Rio+20 : A breath of fresh air

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Temps de lecture : 2 minutes  

Doctor Maria Neira explains how link between health and the environment has evolved since 1992/

What is the relationship between the health and the environment?

Over 20 years, we have gathered a lot of scientific studies that establish the link between health and the environment in many ways. The WHO now estimates that 25 % of mortality is linked to an environmental risk.

What is the main problem?

The most recent WHO studies estimate that 1.3 million people die every year from urban outdoor air pollution. Indoor air pollution causes the premature death of 2 million people, especially women and small girls who are more exposed as they often stay at home and they are more likely to be in charge of the cooking and heating. These figures have increased since 1990. Air pollution is also responsible for babies being born below the average weight and for the increased frequency of digestive system cancers, cardiovascular disease and cataracts. With all the data we have gathered, there are no more excuses for not taking action.

Isn’t this increase due to improved methods of pathology detection?

Population growth and urbanisation mean that more and more people are exposed to air pollution because of increased energy consumption and the higher number of cars. This has led to an increased number of victims. At the same time, we have discovered new evidence about the effects of this pollution. We have now linked it to diseases which we formerly did not think about; factors like these affect the results.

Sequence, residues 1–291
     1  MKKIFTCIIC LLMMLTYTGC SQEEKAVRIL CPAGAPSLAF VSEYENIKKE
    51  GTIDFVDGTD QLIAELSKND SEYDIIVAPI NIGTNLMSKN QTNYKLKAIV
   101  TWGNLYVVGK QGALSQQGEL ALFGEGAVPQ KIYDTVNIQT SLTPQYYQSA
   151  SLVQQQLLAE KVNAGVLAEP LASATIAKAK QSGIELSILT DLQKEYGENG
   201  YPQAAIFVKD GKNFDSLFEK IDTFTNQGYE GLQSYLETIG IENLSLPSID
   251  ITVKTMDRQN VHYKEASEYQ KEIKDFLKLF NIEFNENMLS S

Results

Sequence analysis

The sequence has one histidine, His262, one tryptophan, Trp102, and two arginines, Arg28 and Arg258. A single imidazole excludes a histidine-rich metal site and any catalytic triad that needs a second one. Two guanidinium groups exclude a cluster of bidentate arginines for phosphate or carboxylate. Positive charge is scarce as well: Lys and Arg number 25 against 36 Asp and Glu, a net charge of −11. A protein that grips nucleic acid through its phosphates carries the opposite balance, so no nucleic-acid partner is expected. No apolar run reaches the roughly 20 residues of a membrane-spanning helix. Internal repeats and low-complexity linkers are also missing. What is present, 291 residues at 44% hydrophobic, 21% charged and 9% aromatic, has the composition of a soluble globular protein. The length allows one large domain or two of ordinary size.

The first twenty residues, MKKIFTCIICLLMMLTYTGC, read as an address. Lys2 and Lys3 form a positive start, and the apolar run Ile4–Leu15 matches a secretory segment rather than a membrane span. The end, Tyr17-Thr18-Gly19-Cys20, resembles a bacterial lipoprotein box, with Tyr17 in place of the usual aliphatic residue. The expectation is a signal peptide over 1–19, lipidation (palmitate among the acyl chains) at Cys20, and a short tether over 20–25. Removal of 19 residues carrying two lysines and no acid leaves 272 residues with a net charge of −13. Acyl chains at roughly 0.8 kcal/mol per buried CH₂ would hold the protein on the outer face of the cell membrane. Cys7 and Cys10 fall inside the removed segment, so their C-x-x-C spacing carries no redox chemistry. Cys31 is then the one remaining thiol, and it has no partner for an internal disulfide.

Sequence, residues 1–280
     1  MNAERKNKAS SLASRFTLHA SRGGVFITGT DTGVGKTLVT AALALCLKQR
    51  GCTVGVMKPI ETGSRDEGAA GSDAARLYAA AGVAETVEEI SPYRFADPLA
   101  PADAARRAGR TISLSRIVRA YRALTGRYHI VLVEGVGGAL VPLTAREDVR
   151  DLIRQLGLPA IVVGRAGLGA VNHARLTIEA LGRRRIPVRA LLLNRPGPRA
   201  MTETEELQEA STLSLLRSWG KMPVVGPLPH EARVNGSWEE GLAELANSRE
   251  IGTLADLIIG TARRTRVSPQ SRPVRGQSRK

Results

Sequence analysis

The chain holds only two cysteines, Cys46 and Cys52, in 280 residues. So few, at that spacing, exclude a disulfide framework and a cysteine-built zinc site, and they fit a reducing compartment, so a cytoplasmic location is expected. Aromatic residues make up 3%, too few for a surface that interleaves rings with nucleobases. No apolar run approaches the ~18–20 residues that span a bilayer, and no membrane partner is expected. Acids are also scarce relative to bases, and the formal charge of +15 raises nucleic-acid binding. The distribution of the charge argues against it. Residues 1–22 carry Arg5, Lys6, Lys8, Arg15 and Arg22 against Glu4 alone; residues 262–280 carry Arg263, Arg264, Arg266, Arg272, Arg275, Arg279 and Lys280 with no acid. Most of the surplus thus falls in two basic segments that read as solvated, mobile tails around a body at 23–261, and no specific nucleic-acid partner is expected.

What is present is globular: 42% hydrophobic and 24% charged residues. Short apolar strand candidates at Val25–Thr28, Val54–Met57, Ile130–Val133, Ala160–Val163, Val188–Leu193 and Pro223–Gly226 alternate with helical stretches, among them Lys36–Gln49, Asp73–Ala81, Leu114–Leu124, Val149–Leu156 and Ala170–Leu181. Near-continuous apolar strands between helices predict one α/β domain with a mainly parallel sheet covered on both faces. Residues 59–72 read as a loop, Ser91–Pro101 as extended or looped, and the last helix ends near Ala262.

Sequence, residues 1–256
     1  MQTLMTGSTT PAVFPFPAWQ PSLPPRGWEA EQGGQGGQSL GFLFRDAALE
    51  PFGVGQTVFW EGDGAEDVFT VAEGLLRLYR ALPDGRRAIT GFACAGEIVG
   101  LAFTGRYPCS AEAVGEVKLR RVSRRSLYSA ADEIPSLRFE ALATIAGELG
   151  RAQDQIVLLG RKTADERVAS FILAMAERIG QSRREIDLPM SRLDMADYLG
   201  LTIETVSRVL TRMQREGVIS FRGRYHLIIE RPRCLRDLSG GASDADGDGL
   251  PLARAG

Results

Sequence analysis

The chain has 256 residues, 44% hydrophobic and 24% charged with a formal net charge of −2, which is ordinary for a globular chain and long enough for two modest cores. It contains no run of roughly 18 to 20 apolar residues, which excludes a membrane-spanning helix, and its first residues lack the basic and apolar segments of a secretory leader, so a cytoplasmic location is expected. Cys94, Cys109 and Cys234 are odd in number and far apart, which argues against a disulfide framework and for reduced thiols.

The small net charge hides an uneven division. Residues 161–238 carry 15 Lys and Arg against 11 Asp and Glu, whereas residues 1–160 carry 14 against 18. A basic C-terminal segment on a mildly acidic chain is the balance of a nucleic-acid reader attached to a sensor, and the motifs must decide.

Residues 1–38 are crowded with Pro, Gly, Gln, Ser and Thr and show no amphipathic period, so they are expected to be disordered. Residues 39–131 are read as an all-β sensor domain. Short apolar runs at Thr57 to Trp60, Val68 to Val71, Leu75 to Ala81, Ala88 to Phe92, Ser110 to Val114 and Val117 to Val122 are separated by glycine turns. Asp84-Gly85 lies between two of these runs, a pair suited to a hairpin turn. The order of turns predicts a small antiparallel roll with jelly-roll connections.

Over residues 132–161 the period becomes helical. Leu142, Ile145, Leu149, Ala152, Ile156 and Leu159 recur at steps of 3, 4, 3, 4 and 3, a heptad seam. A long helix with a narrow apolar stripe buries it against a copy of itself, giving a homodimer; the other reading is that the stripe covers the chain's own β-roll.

Apart from air pollution, which other major pollutions constitute a health threat ?

There are several forms of pollution. There are POPs, asbestos and mercury that Europe wants to ban from medical products. There are also heavy metals such as lead in paint or batteries which are found in children’s bloodstreams in many countries. Over the last two decades, the problem of electronic waste has also emerged. Access to water and lack of sanitation are still major issues. Exposure to ultraviolet rays poses a more geographically confined public health problem. Half a million people die from melanomas caused by exposure to UV rays.

What needs to be done?

The positive relationship between a clean environment and good health should be highlighted. By replacing cars with a public transport system, air pollution is limited and so are deaths caused by accidents. Cities become more pleasant and people are therefore more likely to walk or ride a bicycle which would reduce obesity. With well-thought out urban planning, certain illnesses can be prevented. Northern European countries have already shown results in this field.

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